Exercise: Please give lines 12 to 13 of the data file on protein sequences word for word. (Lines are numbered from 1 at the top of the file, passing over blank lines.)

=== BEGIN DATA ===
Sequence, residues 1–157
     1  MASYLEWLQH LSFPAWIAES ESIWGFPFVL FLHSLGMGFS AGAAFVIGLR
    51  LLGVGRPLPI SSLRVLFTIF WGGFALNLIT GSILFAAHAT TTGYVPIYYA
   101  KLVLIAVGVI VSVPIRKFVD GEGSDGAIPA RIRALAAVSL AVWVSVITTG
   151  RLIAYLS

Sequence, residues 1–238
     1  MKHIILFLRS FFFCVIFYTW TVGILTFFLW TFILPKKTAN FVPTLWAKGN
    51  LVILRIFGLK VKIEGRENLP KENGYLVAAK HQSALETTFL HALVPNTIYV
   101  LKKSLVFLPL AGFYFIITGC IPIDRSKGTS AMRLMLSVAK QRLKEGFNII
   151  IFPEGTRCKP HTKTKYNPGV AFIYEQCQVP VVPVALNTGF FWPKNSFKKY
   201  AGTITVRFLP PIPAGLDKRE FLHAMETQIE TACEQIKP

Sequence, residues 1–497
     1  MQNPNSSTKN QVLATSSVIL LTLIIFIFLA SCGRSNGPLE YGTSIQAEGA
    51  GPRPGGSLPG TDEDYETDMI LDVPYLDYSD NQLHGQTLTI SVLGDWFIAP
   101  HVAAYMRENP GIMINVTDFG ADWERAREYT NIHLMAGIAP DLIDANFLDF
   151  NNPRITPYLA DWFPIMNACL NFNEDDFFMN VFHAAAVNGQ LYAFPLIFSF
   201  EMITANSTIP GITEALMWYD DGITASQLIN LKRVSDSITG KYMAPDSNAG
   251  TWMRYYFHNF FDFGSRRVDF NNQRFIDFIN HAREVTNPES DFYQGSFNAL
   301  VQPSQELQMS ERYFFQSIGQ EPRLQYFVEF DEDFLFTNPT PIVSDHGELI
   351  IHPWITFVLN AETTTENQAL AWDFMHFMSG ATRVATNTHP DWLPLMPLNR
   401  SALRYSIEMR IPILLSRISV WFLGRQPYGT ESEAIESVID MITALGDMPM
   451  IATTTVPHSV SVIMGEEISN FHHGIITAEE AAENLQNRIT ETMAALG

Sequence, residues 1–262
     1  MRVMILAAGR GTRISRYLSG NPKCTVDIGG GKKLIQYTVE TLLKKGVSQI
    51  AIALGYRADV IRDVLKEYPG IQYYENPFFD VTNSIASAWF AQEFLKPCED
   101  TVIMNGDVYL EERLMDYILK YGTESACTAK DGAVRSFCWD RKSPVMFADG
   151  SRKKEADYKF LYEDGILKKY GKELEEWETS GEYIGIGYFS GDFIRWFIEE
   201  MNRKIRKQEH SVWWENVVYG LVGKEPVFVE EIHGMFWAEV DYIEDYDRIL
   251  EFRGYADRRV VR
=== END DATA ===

Sequence, residues 1–497
     1  MQNPNSSTKN QVLATSSVIL LTLIIFIFLA SCGRSNGPLE YGTSIQAEGA